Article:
A Subtle and Beautifully Worn Square Ralli: Layers and Vestiges of Old Stitching
ca. mid twentieth century
31 1/4" x 34", 79.3 cm x 86.4 cm
A ralli is a quilted textile made from layers of discarded cloth and configured into a multitude of traditional patterns. Rallis
hail from Sindh, Pakistan, a southern area that is contiguous to the
Indian states of Punjab, Rajasthan and Gujarat, where some of these
quilted textiles are also sewn. Lines and lines of running stitch secure and
strengthen the layers of cloth that make a ralli.
A large ralli is used as a bed cover for a traditional wooden sleeping cots, as a floor covering, bag or as padding for a work animal. Both Hindu and Muslim women create these textiles, whose name is derived from the local word ralanna which means to mix or to connect.
This small-sized, square-shaped ralli may have been used for a sitting mat; it is stitched from layers of repurposed cotton cloth. The proper front is designed around a large, central square of small checked blue cotton which shows a great deal of wear and mending. The border shows a orange on cream floral pattern which seems to have been taken from a commercial fabric as there seems to be some kind of company name worked into the repeat.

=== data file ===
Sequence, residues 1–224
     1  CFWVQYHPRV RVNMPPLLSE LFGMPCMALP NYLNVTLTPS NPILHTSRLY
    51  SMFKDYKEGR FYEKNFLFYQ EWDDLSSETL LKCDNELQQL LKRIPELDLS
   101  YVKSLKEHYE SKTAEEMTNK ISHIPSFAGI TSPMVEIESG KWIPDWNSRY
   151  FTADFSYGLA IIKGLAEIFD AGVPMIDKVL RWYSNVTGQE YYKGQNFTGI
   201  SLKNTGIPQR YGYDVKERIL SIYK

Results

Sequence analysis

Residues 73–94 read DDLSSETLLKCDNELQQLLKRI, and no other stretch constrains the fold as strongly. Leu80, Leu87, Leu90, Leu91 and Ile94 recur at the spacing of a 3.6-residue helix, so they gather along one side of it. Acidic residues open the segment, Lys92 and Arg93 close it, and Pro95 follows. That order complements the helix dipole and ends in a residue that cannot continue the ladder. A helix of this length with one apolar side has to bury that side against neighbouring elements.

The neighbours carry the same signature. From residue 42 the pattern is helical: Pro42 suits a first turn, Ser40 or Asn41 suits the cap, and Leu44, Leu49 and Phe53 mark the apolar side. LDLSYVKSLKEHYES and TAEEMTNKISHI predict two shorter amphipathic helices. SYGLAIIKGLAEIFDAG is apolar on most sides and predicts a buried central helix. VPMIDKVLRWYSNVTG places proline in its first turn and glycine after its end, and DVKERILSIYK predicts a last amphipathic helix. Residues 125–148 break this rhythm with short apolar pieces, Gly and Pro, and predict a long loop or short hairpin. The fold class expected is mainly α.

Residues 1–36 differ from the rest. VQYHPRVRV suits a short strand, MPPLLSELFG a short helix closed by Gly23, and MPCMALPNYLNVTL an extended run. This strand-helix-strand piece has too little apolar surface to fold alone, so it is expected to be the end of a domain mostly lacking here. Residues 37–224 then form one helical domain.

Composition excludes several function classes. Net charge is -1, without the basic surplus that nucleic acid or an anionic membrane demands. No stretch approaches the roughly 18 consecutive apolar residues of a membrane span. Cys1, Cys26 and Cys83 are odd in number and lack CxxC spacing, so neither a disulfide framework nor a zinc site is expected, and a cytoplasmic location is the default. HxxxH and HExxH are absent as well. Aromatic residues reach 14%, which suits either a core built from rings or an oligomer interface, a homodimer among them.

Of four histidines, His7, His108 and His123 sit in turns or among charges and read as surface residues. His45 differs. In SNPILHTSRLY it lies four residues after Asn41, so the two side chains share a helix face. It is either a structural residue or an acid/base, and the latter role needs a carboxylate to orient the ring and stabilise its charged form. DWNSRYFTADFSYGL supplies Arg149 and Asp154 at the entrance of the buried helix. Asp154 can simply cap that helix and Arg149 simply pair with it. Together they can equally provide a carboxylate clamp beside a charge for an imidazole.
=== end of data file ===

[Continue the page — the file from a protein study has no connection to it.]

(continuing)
The back is a beautiful, cropped block printed fabric, very worn, and very beautiful in the way that you can see the under layers of cloth through the top layer, which has been abraded away from years of use. Additionally, pay special attention to the decorative stitching which can been seen on this side of the fabric on the detail shots which accompany this post. Along with the running stitches which hold this piece together, you will see passages of decorative stitching that were hand applied in a former avatar of the life of this recycled, layered, boro cloth. A lovely subtle detail.
For another view of this minimalist ralli, please have a look at a blog post which shows this cloth in the context of an interior environment.
Subtle, sophisticated and earthy.